Anal fissure fissure-in-ano is a very common anorectal condition. The exact etiology of this condition is debated; however, there is a clear association with elevated internal anal sphincter pressures. Though hard bowel movements are implicated in fissure etiology, they are not universally present in patients with anal fissures. Half of all patients with fissures heal with nonoperative management such as high fiber diet, sitz baths, and pharmacological agents. When nonoperative management fails, surgical treatment with lateral internal sphincterotomy has a high success rate.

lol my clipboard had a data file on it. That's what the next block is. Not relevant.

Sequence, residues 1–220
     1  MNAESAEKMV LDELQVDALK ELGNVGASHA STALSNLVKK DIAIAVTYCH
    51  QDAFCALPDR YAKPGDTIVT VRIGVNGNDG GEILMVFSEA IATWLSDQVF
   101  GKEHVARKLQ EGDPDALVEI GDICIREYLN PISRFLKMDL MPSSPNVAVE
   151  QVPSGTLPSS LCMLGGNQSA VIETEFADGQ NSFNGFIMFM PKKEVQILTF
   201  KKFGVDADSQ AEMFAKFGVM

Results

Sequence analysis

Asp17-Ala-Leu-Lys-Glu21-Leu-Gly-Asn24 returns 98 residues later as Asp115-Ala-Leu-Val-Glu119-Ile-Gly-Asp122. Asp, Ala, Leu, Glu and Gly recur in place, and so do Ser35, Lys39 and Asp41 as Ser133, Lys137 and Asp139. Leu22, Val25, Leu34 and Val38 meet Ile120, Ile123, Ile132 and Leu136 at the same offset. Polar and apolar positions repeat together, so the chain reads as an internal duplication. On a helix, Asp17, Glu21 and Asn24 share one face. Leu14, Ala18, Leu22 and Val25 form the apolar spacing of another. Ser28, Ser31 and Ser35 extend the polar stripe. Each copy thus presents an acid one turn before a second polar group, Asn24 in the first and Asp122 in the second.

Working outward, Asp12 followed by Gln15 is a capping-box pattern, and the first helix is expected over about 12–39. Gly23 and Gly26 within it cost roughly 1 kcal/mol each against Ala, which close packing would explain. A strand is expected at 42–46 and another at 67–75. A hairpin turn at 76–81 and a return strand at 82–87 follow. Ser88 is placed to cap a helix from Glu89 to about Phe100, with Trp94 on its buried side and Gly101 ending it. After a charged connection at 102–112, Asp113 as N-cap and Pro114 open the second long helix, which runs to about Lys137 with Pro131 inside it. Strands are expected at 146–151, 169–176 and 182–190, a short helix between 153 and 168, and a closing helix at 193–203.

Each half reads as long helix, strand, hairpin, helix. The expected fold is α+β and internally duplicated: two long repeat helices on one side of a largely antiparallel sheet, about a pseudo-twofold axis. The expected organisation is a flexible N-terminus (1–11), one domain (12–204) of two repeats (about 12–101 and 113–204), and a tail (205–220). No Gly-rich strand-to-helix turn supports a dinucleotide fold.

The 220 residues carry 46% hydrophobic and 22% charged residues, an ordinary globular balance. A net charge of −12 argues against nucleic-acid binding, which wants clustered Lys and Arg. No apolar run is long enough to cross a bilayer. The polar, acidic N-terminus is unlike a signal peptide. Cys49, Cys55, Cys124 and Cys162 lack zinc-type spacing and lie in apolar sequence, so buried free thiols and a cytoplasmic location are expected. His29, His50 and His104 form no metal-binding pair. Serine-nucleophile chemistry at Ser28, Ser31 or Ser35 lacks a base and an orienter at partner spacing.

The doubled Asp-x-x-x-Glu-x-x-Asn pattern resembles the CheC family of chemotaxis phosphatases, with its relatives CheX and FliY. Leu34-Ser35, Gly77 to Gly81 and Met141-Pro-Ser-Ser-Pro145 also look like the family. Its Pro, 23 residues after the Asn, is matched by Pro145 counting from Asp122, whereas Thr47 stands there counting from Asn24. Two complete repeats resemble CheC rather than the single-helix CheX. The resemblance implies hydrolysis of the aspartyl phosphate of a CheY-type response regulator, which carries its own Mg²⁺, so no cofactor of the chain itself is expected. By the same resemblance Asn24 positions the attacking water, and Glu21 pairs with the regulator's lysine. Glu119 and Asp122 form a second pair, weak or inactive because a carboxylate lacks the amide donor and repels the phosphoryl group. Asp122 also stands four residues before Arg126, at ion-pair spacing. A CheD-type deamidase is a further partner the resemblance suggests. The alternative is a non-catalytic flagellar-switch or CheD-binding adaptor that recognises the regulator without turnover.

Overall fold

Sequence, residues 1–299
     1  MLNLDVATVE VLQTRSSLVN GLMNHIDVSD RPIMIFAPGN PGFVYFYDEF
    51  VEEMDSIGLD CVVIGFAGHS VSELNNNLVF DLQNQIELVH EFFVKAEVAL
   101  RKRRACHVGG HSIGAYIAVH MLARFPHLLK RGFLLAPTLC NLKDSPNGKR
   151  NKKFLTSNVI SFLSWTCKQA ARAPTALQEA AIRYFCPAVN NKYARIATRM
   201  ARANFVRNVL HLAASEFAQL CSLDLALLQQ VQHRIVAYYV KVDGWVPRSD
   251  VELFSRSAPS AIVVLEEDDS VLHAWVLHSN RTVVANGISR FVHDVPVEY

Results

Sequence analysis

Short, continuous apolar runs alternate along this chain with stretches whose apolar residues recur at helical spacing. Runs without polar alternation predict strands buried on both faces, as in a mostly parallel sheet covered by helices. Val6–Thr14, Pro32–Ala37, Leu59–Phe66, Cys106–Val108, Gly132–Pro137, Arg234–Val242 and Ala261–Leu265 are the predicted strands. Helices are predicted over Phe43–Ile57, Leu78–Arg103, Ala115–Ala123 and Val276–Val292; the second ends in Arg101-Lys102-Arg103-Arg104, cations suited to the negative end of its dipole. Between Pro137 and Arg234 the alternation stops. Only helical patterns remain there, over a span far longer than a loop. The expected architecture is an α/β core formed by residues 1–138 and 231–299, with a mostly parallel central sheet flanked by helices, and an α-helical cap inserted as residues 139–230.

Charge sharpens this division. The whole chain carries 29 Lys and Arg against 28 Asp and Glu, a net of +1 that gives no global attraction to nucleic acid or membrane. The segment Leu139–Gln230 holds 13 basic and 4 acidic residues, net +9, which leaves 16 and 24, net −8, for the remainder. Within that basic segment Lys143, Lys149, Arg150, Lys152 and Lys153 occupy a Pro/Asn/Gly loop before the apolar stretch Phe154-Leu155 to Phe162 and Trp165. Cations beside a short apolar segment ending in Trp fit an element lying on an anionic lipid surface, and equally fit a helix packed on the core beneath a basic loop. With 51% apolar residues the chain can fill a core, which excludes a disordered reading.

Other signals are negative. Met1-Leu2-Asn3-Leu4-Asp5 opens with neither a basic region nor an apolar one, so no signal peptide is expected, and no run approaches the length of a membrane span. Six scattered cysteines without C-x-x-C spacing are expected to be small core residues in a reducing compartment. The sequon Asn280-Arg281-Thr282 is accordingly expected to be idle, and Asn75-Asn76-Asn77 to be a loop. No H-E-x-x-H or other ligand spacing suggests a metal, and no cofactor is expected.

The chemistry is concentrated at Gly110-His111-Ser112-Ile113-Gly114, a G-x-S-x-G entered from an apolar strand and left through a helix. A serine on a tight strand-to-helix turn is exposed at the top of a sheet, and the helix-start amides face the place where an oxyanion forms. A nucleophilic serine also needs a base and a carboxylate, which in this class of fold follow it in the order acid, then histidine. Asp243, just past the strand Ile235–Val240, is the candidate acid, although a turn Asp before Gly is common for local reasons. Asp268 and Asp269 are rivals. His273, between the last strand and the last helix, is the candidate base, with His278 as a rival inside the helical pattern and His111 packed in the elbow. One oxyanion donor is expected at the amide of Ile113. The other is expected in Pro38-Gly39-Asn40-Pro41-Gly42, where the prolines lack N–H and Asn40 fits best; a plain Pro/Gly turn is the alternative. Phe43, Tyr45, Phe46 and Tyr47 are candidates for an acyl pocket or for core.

The inner lining of the anal canal is the mucosa. Most anal cancers start from cells in the mucosa. Glands and ducts tubes leading from the glands are found under the mucosa. The glands make mucus, which acts as a lubricating fluid. Anal cancers that start from cells in the glands are called adenocarcinomas.
A patient presents with severe anal pain, lasting hours after each bowel movement. She notices some intermittent bleeding with defecation. She comes to the office with the presumed diagnosis of hemorrhoids.
Top of the page Check Your Symptoms. Rectal problems are common. Almost everyone will experience some rectal itching, pain, or bleeding at some time during his or her life.